Post by Controllerhead » Tue Jul 14, 2020 6:00 pm

NeverCameBack wrote:
Tue Mar 17, 2020 10:50 pm
Are there any good sample .asm files that you know of
I use / reference examples from 6502.org, they aren't game specific, but there are a ton of useful snippets and good practices.
http://6502.org/source/

I use this for quick instruction reference.
https://www.masswerk.at/6502/6502_instruction_set.html

And of course, the manual!
http://users.telenet.be/kim1-6502/6502/proman.html
Image

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Re: Anyone have programs containing best practices?

Post by Bananmos » Wed Jul 15, 2020 9:57 am

In all honesty, the best advice in today's age is: Defer writing of the actual 6502 code as long as you can.

A lot of the games of the (g)olden days are a lot crappier than we remembered them gameplay-wise. Partially this was due to pioneers still trying out what worked. But a lot of it probably also has to do with the fact that iterating on gameplay mechanics was very expensive when coding directly on the system.

A few companies (like Nintendo) did manage to do this really well, always putting controls and gameplay first. But the challenge of iterating on fixed-point math on a 6502 often meant this crucial element was not prioritized in other companies.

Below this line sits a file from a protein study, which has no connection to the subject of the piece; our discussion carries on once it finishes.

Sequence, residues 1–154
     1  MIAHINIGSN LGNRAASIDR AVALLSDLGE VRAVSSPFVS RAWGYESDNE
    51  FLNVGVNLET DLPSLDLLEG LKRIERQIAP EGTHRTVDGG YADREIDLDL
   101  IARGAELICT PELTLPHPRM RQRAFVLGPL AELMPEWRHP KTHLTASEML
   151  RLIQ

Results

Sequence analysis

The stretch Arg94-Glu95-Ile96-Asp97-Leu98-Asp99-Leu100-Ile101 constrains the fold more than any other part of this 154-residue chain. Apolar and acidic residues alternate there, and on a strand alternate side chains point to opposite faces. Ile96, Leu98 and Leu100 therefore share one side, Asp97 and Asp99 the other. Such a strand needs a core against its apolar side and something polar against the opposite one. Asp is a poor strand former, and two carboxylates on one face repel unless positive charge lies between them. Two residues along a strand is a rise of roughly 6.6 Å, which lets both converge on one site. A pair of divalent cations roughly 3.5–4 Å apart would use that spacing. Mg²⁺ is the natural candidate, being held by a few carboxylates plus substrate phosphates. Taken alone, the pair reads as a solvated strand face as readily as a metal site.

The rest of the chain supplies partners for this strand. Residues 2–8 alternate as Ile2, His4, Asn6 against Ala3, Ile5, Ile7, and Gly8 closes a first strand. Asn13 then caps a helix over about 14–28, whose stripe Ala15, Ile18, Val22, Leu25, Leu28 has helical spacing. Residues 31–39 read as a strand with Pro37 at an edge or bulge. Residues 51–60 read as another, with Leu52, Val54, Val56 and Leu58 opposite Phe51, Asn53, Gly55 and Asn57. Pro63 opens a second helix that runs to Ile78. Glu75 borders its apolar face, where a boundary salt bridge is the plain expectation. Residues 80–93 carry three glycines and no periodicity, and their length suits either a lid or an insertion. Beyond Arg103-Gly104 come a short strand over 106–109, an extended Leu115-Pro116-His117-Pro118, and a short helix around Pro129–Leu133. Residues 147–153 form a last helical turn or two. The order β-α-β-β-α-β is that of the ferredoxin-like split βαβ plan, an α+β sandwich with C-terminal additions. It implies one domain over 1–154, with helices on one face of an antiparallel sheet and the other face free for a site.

Today you have the luxury of using modern programming tools and environments, not only for data creation and conversion, but also for prototyping your ideas before trying to squeeze them into the NES's code space. And an approach that I wish more people would try is using the benefit of emulators using Lua to get a good prototype of your game before you dig into assembly.

Basically:
1) Find a good game engine that uses Lua for scripting, that allows dynamic reloading of Lua scripts and has a decent visual editor. Not sure which one to be honest, but there are quite a few alternatives AFAICT.

Try to make a game that respects all the NES's limitations graphics-wise, and doesn't seem to be too heavy for an NES. (i.e., don't try putting Box2d or other advanced physics code in there)